I actually think I can type far faster now on the iPhone than I could on the curve. The screen just blows my mind away (my coworkers 8125 win Mobile device looks like ancient technology).
If you like web browsing on your phone, nothing comes close. (I can care less about flash support).
Apple needs a better email client, add iChat (jivetalk is coming soon though), and pump up the volume on phone calls a little, and I will be very happy.
- 07-05-2007, 12:48 PM #359
- 07-05-2007, 12:54 PM #360
- 07-05-2007, 01:01 PM #361
- 07-05-2007, 02:29 PM #362
- 07-05-2007, 02:45 PM #363
- 07-05-2007, 02:50 PM #364
The same reason why you have to send it out instead of taking it to an Apple store.
The battery is soldered to the logic board :thumbsdn:
Although Apple doesn't specifically say that the battery can't be replaced by users, early examinations of the iPhone's innards confirmed that it would be nearly impossible. IFixIt.com, which conducted one of the first iPhone "tear-downs," noted that the battery is soldered to the device's logic board; a second tear-down by AnandTech.com photographed the battery's leads in a closeup that clearly showed the soldering.
- 07-05-2007, 03:53 PM #365
- 07-05-2007, 04:08 PM #366
They only do that in the 30-day window after purchasing.
After that, all repairs are sent in to Apple regardless of issue. A loaner still costs $29 while it is out.
- 07-05-2007, 10:18 PM #367
- 07-05-2007, 10:44 PM #368
- 07-05-2007, 11:04 PM #369
- 07-05-2007, 11:15 PM #370
- 07-05-2007, 11:27 PM #371
- 07-05-2007, 11:30 PM #372
- 07-05-2007, 11:38 PM #373
- 07-05-2007, 11:44 PM #374
au, contraire! i used to enjoy the Treo lineup until some other carrier offered the same feature set (that matched my needs) in a much smaller form factor.
you could hardly call the 680 a smaller form factor....but maybe you and the others could? i'm sure one of you will find a way!
- 07-06-2007, 08:34 AM #375
Today's article at CNet, discussing why Apple is so successful in consumer products that are still technically solid, quoted a third party software developer in what has got to be one of the best explanations I've ever seen:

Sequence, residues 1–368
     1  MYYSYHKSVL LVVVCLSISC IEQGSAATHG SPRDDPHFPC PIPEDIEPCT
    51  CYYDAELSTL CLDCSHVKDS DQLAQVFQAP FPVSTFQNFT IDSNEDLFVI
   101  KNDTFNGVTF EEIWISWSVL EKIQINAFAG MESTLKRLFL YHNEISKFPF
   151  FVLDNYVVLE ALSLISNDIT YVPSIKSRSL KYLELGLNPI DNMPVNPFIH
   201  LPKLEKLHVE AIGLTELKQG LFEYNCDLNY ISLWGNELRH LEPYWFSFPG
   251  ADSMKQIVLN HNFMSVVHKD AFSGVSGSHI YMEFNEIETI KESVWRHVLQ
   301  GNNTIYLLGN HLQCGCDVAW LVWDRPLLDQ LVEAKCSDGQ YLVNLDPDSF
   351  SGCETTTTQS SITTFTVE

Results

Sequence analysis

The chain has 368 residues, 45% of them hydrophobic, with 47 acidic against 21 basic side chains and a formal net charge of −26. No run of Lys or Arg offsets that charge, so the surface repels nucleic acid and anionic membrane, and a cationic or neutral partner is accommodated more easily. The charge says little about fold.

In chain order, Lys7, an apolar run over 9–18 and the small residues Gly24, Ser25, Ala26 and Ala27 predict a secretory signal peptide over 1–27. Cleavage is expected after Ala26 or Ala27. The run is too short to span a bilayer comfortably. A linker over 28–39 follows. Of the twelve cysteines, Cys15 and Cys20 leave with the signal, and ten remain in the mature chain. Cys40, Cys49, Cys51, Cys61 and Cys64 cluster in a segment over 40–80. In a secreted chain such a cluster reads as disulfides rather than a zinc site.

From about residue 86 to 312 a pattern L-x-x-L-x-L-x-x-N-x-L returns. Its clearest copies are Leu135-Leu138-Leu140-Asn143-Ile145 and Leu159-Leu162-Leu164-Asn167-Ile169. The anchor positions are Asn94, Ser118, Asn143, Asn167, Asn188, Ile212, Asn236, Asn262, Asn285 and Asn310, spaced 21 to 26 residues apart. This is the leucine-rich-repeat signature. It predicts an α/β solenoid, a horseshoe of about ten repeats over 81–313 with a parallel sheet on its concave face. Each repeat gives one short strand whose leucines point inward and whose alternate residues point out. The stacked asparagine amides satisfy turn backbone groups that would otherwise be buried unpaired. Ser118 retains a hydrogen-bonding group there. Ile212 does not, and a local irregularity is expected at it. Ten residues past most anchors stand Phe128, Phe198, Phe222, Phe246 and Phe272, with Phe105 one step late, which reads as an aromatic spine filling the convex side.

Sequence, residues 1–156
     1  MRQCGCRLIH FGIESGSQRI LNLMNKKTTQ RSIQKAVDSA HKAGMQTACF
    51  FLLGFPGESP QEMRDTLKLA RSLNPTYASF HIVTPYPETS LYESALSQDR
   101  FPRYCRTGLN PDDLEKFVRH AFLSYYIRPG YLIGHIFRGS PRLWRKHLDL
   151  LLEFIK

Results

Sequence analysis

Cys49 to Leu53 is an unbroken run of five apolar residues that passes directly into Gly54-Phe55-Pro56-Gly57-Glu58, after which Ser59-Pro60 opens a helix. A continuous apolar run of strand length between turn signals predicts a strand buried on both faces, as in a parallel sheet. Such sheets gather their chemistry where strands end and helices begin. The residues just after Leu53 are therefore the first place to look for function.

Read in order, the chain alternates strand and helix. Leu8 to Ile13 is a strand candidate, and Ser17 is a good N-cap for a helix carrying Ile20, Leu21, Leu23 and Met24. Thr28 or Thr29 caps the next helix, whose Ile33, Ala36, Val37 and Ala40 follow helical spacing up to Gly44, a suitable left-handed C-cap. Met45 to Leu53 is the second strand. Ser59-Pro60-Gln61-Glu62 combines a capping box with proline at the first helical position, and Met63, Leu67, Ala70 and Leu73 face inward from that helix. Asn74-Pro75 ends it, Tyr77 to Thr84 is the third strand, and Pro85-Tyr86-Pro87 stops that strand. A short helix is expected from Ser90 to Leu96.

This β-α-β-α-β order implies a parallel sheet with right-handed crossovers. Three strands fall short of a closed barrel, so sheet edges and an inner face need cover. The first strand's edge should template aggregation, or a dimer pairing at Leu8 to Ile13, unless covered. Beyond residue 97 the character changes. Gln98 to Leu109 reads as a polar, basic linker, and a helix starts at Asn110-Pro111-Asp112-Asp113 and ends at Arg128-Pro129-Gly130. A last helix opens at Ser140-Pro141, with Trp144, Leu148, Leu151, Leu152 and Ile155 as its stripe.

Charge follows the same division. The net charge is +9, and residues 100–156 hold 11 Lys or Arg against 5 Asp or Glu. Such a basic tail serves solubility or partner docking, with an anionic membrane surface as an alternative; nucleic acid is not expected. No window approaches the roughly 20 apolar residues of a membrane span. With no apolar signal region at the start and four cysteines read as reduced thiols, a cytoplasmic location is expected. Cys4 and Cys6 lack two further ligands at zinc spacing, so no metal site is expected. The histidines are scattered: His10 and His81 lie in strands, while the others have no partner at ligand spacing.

With the iPhone--and most high-tech gadgets--the secret sauce comes down to software design, a field where the good stuff is akin to artwork. And this is where so many of the intangibles that we've come to associate with Silicon Valley come in. I put the question to Brad Meador, one of the principals at ClearContext, a San Francisco-based software developer, who said the answer boiled down to two basic elements.
"Listen to what the market needs and strive to meet those needs in as simple a way as possible," he said. "It's a little tricky because the initial feedback you get on a new software product is usually from a more tech-savvy, early adopter crowd, a group that's prone to lead you down a path of too much complexity for the market you're ultimately trying to reach.
"Software designers need to make sure that their products 'just work,' he continued. "Features that are buried in the user interface are unlikely to be used. Packages that require anything beyond basic configuration to provide value will lose most of their customers within minutes."
I have always been one of those leading the "feature" charge...make it a Swiss army knife, and I doubt I will change. But as usual, Apple has aimed for, and hit, a major part of the public that just wants a device that works, not one that you have to immediately install VolumeCare, tweak the registry, and go through other hoops to do the things we geeks want. Face it, we may be at the top of the techno food chain, but we are a VERY SMALL minority.